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"Catch me, if you can"

And I am quite certain that the majority of you haven't either. For most of us, there is one and only one pot of gold at the end of this rainbow. Day in and day out you are told that IELTS is a route to a life abroad, a life of unending fun and happiness, an end to this rat race of unbearable competition, long working hours, low pay, and what not. These days, this is the main reason why anyone thinks of taking the test. I myself write quite regularly on this aspect of the test.

While all that is correct, there is a hidden, unexplored significance of the IELTS. A significance usually ignored by the general public is the fact that it is an equally wonderful way to develop one’s own English proficiency level for purposes other than going abroad, whether it be for completing higher studies or attaining permanent residency. Let's suppose you do not wish to travel abroad. So, does IELTS have no use for you? Not really. May be you wish to appear for the UPSC examination in the near future? Or what about those various competitive. examinations where scoring well in English is a requirement? No, no, not those exams where only multiple choice questions are asked. On the contrary, we are talking about competitive tests that require the candidates to write essays. And then there are those who speak English passably well, but seek to better their hold of the language for professional or social reasons.

The majority of my students learn IELTS to take the test. Still, the number of those who pursue it to simply develop their overall English skills is on the rise. Most of us are somewhat familiar with English and can understand what is being said. But suffer from ‘hesitation’, especially when faced by people who converse in the language fluently. Learning ‘Spoken English’, as it is often described, is woefully inadequate to address this deficiency which, in turn, engenders a deep-seated lack of confidence. In the long term, this can become a debilitating handicap, preventing an individual from achieving her fullest potential. Yesterday only, a gentleman contacted me. He will be appearing for the UPSC test in the near future, and wanted to sufficiently develop his spoken and writing skills. So yeah, some are indeed beginning to see IELTS in a new light.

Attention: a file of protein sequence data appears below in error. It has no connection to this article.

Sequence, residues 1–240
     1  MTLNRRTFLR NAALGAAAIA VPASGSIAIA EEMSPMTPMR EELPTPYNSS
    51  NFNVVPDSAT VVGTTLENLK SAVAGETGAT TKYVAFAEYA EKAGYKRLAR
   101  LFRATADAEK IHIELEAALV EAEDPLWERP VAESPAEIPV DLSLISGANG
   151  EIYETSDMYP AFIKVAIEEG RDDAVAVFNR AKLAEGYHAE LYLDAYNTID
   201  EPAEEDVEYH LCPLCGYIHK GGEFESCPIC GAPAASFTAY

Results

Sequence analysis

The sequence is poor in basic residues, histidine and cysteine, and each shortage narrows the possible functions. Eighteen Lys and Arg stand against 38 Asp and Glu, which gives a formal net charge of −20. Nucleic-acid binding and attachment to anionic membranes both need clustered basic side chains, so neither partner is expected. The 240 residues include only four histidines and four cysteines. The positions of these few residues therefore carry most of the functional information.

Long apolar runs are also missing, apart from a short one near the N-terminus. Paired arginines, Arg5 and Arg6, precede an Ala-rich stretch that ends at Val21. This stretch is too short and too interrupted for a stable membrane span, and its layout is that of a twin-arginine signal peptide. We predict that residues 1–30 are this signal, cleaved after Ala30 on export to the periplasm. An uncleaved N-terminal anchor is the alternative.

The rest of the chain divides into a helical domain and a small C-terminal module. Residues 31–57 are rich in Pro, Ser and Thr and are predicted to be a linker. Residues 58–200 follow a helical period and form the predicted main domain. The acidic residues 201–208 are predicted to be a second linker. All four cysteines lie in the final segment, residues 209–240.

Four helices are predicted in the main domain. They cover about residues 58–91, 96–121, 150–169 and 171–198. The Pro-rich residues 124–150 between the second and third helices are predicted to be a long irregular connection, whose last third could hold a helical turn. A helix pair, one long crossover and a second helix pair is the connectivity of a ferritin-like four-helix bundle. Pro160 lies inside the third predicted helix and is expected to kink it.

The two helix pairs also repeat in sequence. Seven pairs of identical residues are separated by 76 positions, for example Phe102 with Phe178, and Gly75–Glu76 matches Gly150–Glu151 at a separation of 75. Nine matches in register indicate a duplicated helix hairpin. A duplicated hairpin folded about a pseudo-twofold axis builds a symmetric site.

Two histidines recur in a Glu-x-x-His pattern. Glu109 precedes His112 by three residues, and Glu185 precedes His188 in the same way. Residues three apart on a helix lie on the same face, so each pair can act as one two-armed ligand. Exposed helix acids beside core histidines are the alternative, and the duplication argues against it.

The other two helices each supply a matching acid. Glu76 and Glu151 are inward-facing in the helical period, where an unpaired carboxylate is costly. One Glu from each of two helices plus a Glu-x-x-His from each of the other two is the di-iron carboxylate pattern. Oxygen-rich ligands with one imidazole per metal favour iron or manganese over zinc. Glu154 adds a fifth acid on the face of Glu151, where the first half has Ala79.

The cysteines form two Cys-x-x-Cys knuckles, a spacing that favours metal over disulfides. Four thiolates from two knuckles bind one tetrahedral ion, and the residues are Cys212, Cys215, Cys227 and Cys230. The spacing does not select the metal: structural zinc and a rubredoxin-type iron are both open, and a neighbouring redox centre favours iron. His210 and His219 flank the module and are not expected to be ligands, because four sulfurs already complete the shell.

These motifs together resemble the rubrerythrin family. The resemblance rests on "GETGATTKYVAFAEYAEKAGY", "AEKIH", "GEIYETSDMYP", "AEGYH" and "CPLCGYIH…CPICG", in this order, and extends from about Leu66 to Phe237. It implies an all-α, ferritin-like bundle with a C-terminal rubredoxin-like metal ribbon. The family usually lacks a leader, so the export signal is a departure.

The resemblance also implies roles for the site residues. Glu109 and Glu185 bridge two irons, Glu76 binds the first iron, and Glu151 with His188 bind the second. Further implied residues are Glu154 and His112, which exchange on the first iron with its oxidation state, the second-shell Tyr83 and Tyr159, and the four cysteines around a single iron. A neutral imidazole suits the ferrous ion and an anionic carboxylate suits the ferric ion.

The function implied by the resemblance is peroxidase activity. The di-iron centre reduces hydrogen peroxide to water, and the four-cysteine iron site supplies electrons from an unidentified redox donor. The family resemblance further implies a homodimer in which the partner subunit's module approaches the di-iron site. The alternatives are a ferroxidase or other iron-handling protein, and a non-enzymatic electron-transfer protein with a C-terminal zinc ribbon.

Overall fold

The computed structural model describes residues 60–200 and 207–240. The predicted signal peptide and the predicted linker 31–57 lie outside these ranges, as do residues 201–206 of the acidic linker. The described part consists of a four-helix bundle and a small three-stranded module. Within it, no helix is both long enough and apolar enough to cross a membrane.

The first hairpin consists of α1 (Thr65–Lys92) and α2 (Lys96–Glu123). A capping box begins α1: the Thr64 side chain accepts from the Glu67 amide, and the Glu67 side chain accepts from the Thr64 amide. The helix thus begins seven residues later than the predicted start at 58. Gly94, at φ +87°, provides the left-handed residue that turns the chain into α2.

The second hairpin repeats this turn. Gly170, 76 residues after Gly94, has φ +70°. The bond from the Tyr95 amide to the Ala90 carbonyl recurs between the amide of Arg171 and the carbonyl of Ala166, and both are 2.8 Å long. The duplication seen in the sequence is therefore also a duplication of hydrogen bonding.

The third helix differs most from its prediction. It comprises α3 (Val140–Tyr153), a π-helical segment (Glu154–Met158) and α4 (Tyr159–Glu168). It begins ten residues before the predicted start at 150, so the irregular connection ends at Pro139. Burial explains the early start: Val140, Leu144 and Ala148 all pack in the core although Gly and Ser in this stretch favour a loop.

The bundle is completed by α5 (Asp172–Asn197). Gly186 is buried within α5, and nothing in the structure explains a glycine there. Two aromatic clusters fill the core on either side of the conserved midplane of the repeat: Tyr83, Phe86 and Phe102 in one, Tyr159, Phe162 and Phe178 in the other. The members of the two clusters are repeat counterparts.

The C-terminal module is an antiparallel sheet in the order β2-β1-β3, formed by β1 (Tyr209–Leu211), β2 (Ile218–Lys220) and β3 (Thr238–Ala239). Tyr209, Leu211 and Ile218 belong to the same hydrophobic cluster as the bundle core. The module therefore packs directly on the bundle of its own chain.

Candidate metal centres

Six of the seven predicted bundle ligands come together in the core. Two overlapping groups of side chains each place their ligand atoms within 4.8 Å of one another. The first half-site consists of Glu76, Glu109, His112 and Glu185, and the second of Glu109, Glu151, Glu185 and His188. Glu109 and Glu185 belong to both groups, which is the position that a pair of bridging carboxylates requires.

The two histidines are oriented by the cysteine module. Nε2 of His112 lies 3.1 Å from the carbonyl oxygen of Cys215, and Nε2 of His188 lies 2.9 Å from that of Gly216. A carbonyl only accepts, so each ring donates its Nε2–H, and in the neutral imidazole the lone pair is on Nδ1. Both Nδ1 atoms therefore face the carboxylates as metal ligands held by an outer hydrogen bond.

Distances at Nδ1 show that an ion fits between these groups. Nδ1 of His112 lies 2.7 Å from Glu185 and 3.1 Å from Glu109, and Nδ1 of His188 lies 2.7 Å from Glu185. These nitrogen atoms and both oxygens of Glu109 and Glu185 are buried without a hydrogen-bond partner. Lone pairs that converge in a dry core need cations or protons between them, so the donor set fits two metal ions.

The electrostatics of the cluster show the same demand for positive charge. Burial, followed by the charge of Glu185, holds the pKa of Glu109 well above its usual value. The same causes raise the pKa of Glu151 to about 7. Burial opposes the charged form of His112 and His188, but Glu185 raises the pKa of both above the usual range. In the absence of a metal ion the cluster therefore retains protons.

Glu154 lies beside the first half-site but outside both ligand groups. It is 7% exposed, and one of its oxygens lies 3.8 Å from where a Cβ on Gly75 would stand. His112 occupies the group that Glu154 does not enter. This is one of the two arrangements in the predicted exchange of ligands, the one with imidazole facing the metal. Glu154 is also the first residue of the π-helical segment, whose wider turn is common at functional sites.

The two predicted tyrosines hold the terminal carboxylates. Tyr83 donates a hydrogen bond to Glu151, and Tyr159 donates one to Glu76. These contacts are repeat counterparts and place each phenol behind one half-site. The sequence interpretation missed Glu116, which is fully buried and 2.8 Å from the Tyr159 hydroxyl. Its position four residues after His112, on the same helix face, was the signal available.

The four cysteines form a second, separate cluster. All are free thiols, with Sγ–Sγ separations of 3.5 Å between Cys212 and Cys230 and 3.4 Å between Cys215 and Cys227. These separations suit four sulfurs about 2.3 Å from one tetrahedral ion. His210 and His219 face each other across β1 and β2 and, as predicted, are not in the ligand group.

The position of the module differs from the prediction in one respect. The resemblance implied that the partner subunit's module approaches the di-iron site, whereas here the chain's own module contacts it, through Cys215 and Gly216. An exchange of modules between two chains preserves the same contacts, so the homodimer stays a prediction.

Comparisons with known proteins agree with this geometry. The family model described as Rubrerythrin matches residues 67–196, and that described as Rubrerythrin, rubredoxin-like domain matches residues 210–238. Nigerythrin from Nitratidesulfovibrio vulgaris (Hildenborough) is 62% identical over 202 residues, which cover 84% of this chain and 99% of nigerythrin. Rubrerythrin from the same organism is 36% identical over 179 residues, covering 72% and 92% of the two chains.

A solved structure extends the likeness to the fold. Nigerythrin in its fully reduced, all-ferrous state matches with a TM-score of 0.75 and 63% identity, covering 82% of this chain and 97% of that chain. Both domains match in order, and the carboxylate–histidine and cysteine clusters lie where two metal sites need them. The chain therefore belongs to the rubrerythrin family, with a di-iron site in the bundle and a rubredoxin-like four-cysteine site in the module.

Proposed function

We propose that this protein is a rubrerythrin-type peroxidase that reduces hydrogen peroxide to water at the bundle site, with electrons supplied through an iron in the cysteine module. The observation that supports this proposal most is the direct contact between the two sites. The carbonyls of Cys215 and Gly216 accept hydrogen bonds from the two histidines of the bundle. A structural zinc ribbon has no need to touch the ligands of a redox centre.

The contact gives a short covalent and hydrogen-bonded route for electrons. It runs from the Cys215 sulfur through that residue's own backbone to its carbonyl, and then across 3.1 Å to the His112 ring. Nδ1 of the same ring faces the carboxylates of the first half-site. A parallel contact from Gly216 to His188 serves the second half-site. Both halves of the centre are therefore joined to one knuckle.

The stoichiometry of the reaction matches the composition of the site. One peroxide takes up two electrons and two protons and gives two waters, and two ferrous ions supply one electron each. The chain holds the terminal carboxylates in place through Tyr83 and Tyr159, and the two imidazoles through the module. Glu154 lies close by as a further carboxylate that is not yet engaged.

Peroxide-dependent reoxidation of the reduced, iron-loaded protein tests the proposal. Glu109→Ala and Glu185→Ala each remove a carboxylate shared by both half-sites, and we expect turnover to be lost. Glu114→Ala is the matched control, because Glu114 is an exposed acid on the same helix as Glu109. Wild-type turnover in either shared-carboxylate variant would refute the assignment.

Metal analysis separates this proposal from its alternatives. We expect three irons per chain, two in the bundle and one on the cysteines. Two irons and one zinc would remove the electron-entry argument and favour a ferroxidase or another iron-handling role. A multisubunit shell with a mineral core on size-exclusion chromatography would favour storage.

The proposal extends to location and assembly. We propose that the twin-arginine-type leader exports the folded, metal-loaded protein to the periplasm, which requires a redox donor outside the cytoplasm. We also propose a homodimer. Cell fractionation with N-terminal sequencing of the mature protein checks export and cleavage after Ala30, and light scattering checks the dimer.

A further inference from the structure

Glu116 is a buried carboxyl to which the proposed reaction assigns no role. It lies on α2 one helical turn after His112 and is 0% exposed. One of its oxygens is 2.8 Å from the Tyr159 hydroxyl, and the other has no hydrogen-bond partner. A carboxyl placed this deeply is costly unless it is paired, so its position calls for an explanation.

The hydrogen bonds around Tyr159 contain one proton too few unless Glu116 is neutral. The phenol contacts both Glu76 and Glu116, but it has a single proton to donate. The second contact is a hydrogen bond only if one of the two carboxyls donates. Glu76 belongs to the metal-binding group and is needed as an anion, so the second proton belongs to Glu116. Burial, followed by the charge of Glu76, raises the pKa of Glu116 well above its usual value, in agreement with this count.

Learning IELTS - practicing all 4 aspects of a language - will result in a person’s holistic development. If you listen well, it positively contributes to your speaking skill and vice versa. When we attempt to master the Reading module, new sentence structures and words/phrases become familiar and eventually become a part of our everyday vocabulary. Finally, when you write well - always relevant and comprehensive, avoiding repetitions, and aiming for precision and clarity - your study projects, office reports, and presentations are bound to stand out from the crowd. Confidence develops. Personality flowers. You come into your own.

And then, who knows what wonderful things may happen? I am like the rainbow. Catch me, if you can.

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